GARDENS:Cold winter temperatures have been hard on cordylines, but if yours is looking a bit sad, don't despair, here's how to revive it
AT PRESENT, THEREis a particular plant causing a lot of worry in Ireland. Its name is turning up regularly in my email box, and it is also popping up frequently in the search terms on my blog (onebeanrow.wordpress.com). I'm talking about Cordyline australis, also known as the cabbage tree, and – in local parlance – "palm tree". As any gardener will tell you, it's not actually a palm, or even remotely related. But this New Zealand native (which was introduced to Europe in 1823) lends a tropical appearance to gardens and public spaces throughout this island.
Or rather, it did – until the last two severe winters wrought terrible injuries on thousands of specimens. Snow flattened the trusses of leaves, but worse still, frost got into the stems and trunks, and turned the cells to mush. The damage from the prolonged freezing temperatures was not immediately apparent. But a few weeks after the thaw it became clear that all was not well. Leaves started to drop off, upper stems became flaccid, and in some cases – as the tissues inside began to rot – trunks began to ooze and produce fuzzy growths of mould. After the wars of winter, this country’s army of cordylines has come limping pitifully into spring.
But not all specimens have suffered so dramatically: in my town of Dún Laoghaire the cabbage trees are intact, and display hardly any evidence of trauma. The same can be said for cordylines along the coast from Dublin city to Dalkey. And there are many other mild areas where they have suffered only slightly. Cordylines are hardy in a normal Irish winter, and can cope with occasional temperatures of minus five to minus 10 degrees Centigrade without too much fuss. It’s when the deep freeze lasts for days on end that the plants start to get into trouble. In much of Ireland, last December’s weather was both bone-chilling and cordyline-killing.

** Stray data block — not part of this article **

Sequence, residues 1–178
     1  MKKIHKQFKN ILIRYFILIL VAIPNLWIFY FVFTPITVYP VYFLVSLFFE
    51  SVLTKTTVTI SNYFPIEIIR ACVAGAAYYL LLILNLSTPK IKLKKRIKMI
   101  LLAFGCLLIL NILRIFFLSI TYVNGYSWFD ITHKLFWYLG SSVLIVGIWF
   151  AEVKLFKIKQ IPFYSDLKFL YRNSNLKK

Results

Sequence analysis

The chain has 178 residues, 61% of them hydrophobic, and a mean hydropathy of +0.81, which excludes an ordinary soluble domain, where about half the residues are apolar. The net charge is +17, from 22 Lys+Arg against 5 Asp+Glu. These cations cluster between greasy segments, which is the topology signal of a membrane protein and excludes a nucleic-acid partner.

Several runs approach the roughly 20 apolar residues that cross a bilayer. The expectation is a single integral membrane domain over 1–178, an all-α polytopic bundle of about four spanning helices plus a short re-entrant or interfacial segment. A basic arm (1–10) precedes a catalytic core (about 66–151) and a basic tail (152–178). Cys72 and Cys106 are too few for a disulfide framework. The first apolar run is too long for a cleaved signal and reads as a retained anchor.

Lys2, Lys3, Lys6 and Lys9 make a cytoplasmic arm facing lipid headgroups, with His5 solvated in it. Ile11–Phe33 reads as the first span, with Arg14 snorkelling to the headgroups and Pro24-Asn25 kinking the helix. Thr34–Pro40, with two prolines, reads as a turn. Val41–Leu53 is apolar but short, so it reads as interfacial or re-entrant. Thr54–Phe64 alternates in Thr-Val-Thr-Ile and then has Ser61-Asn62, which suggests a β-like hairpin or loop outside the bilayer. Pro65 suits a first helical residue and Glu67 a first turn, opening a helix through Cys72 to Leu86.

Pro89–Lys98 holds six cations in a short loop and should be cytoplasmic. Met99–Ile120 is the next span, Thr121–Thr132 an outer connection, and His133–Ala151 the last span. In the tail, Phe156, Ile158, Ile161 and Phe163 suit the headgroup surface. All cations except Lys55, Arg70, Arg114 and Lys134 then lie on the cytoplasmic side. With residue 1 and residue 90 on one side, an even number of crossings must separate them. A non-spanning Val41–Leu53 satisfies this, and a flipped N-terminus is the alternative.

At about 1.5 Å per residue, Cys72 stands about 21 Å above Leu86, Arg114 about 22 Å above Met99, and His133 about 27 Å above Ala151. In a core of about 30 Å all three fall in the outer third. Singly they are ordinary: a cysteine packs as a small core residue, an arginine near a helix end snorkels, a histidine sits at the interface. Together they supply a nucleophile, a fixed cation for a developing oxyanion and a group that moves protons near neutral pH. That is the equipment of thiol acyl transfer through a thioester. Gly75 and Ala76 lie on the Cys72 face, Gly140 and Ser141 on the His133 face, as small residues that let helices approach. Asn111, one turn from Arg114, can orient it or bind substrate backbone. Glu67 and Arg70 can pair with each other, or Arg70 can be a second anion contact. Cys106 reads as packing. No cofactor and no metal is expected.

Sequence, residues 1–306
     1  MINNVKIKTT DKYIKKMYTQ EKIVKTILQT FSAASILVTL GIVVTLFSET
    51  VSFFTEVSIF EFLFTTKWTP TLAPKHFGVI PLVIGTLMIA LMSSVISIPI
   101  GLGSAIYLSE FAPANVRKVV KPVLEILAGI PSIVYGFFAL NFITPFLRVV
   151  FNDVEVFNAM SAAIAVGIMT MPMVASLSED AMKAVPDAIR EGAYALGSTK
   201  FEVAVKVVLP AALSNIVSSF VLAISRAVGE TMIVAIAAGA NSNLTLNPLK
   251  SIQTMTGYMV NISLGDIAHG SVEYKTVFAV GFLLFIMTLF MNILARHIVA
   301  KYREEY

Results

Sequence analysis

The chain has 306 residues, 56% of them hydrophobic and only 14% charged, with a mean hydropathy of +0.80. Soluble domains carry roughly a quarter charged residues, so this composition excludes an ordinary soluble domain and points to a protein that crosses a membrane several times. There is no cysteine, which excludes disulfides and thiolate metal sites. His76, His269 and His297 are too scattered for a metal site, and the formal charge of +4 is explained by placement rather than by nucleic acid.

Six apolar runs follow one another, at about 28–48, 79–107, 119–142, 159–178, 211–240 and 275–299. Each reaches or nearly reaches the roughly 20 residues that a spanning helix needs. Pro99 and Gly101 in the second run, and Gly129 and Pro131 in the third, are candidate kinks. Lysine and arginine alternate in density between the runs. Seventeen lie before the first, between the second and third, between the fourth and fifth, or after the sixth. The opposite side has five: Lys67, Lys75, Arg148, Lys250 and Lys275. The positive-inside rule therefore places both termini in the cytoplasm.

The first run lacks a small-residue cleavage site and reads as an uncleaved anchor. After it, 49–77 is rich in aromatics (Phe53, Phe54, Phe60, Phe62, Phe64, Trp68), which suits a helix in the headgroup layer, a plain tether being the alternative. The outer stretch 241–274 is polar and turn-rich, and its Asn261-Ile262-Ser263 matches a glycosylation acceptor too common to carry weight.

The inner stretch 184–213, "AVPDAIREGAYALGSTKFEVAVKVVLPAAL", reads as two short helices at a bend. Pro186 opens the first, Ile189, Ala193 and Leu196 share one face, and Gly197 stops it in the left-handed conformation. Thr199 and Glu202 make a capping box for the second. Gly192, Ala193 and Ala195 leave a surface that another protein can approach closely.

This isn’t the first time that we’ve had cordyline bother. Kathryn Marsh, organic gardener and teacher at Sonairte in Co Meath, remembers the desperately cold winter of 1982. “We were living in Rush then, which was ‘cordyline central’.” After that cold spell, she says, the older and thicker-trunked individuals pulled through, while the slim ones bit the dust. The top few feet of the survivors were cut back by the frost, but new branches appeared lower down the trunks, and the trees lived on. At present, Marsh lives north of Balbriggan, “in a frost pocket”, where the temperature plunged to about minus 15. Of two cordylines that she grew from seed 15 years ago, one has been killed, and the other, although “battered, is going to be fine.” The fortunate one, she says, has a thicker stem, but – just as importantly – there is more air movement around it, so the frost did not settle so deeply into it. A sheltered position can sometimes cause cold air to pool and gather, so a seemingly benign microclimate can sometimes turn treacherous.
To cut to the heart of the matter, as it were: if your cordyline looks dead, is it? And how do you find out?
Well, if it is just looking a bit shook, and has lost its leaves, chances are that it will make a full recovery. New shoots will sprout directly from the trunk, and away it will go, with a bushier profile than before. If there are too many heads for your taste, carefully cut out some of the new shoots so that there are fewer growing points. By midsummer, if the stems above the new shoots are dead and unproductive, carefully prune them out with a saw to tidy up the tree.
But what if the trunk of your cordyline has turned to mush and the whole thing is sagging? Is there hope? Yes, there is. Wait until about May, and then perform some surgery (you don’t want to shock the tree further by operating while the weather is still cold). Feel all the way down the trunk, and if it becomes firmer nearer the base, then cut away all the rotting tissue above that. And then, wait. In time, you may get new shoots. Sometimes cordylines regenerate from the base, at ground level, which can take up to a year.
I have a special place in my heart for cordylines, especially in seaside locations or in jungly plantings in gardens. The flowers, which bloom in May, and go on for weeks, are highly scented and much beloved of bees. The abundant, waxy fruits are high in fats and provide nutritious meals for many birds in late autumn and winter. I don’t recommend planting it in the colder parts of Ireland, but if you live in a favoured area, it’s worth giving it a whirl.
Love Monty? Love Italy?
Then you have a double treat in store. Next Wednesday (BBC2, 9pm) sees the start of a new television series, Monty Don's Italian Gardens, while the book, Great Gardens of Italy, by Monty Don, with photos by Derry Moore (Quadrille, £25/€28.50), was published last month. Delizioso!